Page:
Welcome to this week’s Tech For Good Ten, where we share the best 10 links in the Tech For Good world from the past week.
We’re aiming to share a wide range of links, meeting people behind the latest digital innovations, showcasing the greatest tech for good products
We’re also encouraging debate around “What exactly is Tech For Good?” Join the debate in the comments below. We’re here to discuss all things Tech For Good.
Hugh Herr, a double amputee, top mountain climber and biophysicist, has done inspiring work aimed at eliminating disability
If we inform our lives at our convenience through technology, and our primary news channel is no longer managed by the traditional broadcasting corporations but has shifted to our rapid social news feeds, then how do we engage future generations in the meatier topics of economics and politics?
A new study by the US Geological Survey shows GPS sensors built into phones and other gadgets are capable of detecting ground movement caused by large earthquakes, and could warn people of tremors before they occur.
Welcome to life after the fourth industrial revolution, where all of the objects you use on a day to day basis are custom-made and constantly talking to one another for your benefit.
A bio-sensing platform that combines a smartphone and a "paper microchip" could transform the diagnosis of a number of diseases, including HIV, in remote locations. All that is required from a patient to perform a diagnosis using the platform is a drop of blood from the fingertip.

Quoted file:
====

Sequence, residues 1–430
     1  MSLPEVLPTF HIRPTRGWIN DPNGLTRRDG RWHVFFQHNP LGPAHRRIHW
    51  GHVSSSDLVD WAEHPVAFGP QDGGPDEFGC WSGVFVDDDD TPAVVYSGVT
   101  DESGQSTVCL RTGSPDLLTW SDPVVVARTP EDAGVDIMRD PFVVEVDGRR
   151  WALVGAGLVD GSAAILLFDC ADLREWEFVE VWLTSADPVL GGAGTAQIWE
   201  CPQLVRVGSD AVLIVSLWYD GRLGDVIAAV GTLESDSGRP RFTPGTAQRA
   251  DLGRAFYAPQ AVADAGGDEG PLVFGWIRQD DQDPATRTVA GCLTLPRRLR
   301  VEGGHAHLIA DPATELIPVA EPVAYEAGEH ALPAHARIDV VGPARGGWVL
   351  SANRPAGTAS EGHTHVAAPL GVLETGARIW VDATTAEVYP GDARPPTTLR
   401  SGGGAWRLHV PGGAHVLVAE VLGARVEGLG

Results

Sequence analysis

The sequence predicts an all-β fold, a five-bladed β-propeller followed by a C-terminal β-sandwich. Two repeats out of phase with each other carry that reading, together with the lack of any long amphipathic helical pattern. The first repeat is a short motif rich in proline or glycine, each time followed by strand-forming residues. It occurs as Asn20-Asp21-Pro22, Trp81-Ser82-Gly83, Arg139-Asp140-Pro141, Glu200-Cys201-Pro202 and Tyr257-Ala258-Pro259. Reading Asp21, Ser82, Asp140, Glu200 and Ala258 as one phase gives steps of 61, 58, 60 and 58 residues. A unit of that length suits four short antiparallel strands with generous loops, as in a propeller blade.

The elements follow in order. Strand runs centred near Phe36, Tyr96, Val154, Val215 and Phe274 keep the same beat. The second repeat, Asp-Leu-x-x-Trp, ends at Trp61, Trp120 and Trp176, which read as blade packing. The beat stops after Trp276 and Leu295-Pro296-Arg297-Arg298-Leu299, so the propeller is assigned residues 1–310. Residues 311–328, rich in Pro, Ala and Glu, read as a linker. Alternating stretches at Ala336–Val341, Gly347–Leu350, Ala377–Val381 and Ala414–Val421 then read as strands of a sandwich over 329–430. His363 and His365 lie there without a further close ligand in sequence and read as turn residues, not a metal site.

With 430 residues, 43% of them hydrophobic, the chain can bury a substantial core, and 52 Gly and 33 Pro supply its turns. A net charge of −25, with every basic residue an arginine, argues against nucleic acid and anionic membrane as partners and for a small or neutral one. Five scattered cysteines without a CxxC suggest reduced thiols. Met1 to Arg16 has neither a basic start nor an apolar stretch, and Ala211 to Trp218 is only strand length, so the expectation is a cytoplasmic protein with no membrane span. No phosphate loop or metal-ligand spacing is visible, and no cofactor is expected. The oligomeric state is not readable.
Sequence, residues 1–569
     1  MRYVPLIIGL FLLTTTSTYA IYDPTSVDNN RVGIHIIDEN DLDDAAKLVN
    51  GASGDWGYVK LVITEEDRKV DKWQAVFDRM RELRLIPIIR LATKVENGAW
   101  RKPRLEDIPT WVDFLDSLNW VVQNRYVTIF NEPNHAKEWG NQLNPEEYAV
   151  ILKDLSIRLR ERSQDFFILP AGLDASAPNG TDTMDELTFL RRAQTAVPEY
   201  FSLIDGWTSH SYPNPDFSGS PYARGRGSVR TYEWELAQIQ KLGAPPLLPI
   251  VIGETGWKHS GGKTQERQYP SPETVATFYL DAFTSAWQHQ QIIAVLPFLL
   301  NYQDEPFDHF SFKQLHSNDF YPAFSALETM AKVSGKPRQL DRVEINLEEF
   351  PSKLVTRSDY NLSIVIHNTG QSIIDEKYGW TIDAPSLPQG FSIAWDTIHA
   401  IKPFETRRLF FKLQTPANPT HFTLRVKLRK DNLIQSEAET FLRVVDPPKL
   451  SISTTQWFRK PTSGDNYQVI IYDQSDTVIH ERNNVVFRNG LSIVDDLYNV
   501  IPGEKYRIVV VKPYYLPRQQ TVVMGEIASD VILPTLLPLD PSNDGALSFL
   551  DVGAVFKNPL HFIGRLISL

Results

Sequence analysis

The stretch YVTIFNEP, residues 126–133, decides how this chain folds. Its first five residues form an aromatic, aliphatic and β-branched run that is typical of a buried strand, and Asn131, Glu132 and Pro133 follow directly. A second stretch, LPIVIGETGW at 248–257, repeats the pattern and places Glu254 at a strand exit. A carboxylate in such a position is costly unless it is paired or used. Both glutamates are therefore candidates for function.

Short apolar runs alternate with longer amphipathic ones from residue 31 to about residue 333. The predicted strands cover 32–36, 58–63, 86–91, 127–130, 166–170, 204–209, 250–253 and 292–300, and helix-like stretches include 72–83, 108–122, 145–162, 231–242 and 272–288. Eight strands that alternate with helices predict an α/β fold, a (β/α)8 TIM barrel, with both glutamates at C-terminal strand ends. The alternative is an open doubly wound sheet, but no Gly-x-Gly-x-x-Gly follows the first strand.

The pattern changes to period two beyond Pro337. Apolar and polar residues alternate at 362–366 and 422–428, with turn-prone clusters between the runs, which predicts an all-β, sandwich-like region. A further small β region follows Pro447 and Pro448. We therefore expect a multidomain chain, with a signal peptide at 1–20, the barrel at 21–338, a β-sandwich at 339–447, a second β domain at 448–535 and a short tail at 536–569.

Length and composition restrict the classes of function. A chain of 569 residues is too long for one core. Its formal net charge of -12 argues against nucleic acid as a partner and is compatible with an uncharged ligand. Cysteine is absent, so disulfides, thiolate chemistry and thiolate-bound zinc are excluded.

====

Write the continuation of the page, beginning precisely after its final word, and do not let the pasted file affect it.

Some companies are turning to technology to aid people who sleep on the streets, for whom a phone can be a lifeline.
Women's Aid has launched an interactive billboard - the first of its kind in the UK - to raise awareness about domestic abuse.
Two scientists from the University of California, Berkeley are using crowdsourcing to help map the location of edible weeds across a number of neighbourhoods in California.
Bees play an important role in much of the food we eat, but what happens inside the hive remains largely a mystery. With numbers in decline, could technology help unlock what is going on and provide a better understanding of bee behaviour?
Tokyo is investing in beacon technology to guide the three million people who use Shibuya train station every day.